Interviewing While Black

So here it goes, at another interview. I traveled far for this interview at a small college in Upstate New York and felt prepared. I got all my notes and questions together the night before. My interview attire is impeccable. I look good, smell good, I feel good! I already had a phone interview with the school, so I already felt like I built some rapport with them.

I sit in the department’s waiting room; a white student was sitting next to me. I smiled at her and had small talk. Her name was Kerry, and she was a health science student waiting to ask a question. I tend to get really friendly with students at interviews. Mostly because I like to hear their perspective on the institution where I am applying.

A person who appears to the Director walks out of her office and has a big smile on her face. I begin to sit up straight and smile at her.

The Director looks past me and goes straight to the student. She then reaches her hand out to the student and says, “Hello, Rachel, I am very excited about your interview today. Please step inside my office.”

Kerry immediately turns red and looks at me puzzled as she hesitantly shakes the Director’s hand. She studders “Umm… actually-”

“Hi, I am Rachel! I am here for the interview,” I say abruptly with a cheerful voice. I was masking my frustration.

“Oh! I didn’t think you were- Um…Nice to meet you. I am BLEEP,” the Director states as she looks me up and down.

“Oh hellllll, nah! No, this bitch did not assume I was white and overlook me,” I think to myself as a force a smile.

Now listen, I was at an interview, and I know my field is small, so I tried my hardest to bite my tongue. But ohhhhh HELL Naw! No, she did not!

People often assume I am white because of my name on paper. But this has never happened so bluntly like in this situation. The woman did not even notice I was in the room until I spoke up.

Needless to say, I was uncomfortable for the rest of the interview. I was appalled because I was clearly profiled.

Never be so blinded by a perception of someone that you can’t see the person for who they are. The woman did not see me! She only saw my name. She saw Rachel, maybe Rachel from Friends. But not this beautiful black queen with bra strap length braids tied up in a bun. She did not see all this, because she did not want to see me.

I had mini-interviews throughout the day. For my last interview, I got to spend time with senior leadership. I was still thinking about what happened earlier, cause like, who can forget that. I had time to process my feeling. So I thought I would improvise for the portion of the interview when I got to ask questions. I decided what the hell, I am definitely not getting this job let me speak up for ONCE! (as I said before, this was around the time where I was just recently finding my voice)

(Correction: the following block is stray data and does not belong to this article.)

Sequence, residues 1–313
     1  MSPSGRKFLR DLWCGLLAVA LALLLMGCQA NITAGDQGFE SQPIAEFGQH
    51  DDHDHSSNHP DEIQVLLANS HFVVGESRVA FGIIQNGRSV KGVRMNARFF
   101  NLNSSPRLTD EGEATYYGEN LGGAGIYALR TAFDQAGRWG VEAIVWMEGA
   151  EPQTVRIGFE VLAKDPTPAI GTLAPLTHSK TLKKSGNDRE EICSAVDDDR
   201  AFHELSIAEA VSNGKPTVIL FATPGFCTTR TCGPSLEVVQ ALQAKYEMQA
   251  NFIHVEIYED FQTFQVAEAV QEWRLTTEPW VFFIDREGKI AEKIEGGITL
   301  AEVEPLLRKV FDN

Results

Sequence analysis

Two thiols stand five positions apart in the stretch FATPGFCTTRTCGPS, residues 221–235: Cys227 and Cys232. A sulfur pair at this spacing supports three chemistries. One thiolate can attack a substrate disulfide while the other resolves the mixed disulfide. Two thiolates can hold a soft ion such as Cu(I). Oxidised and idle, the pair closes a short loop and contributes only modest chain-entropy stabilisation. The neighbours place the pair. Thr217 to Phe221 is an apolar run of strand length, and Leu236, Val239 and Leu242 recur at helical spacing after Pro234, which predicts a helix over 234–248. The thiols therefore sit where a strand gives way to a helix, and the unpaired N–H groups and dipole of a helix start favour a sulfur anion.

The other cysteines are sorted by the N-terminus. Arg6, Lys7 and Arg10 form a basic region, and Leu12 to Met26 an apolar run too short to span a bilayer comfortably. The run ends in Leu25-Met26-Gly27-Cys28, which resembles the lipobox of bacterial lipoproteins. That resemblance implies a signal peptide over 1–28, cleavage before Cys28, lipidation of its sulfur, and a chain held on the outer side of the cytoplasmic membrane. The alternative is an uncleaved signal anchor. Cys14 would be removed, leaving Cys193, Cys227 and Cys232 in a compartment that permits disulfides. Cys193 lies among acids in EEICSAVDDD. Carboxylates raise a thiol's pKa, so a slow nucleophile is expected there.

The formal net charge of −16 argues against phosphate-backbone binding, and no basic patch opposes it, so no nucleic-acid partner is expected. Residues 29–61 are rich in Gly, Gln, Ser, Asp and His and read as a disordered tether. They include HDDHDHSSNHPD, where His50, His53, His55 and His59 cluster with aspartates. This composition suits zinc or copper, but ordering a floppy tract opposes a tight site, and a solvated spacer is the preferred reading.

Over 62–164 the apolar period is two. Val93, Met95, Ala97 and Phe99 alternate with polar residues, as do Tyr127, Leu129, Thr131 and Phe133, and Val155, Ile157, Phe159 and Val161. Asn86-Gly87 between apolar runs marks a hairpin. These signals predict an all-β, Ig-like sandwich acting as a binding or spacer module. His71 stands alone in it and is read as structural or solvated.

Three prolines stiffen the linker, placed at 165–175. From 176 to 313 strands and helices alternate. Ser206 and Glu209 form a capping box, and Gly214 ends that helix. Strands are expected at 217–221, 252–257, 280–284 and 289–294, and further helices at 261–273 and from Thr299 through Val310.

Senior Leadership Interviewers: “Do you have any questions for us?”

Me: “Yes, Actually I do. How do keep you and your staff knowledgeable about implicit bias?”

When I asked my question, I stare straight at the Director; I see her squirm in her chair. She grabs her glass of water and looks to her colleague, and signals them to answer.

I hardly looked at the man who answered me. I just wrote my notes intently. I don’t remember exactly what he said, but I do remember the answer being vague. I also remember him talking about multicultural clubs they have on campus. (Side eye)

This place was not for me, and that’s okay. But one thing I did learn from this experience was that people see your name before they see you. People decide who you are before they meet you or even speak to you. I had disappointed the Director’s image of who I am, she was ready to dismiss me during our first interaction.

There is value in being seen.

I also learned that first impressions are everythinggggg! I looked at the school with a different lens throughout that interview because I was treated once she greeted me. There is value in being seen. I knew I didn’t want to work at a place where I was not seen.

I am so glad that I spoke up for myself. I was happy that I spoke for myself. This interaction was one of those times where I used my voice. The old me would have let it pass. But the older me found a way to read them professionally. It is okay to be unapologetically black. Suppose others try to make you uncomfortable for being in a specific space. Make them feel uncomfortable with the fact that you are at peace with who you are!

5 thoughts on “Interviewing While Black

  1. Great anecdote. I know the feeling well of being pre-judged from your name before getting through the door and then getting double-whammied when they saw me. I love this post. Could I link back to it in a future post of mine? If not, I’ll understand. Txs.

    Liked by 1 person

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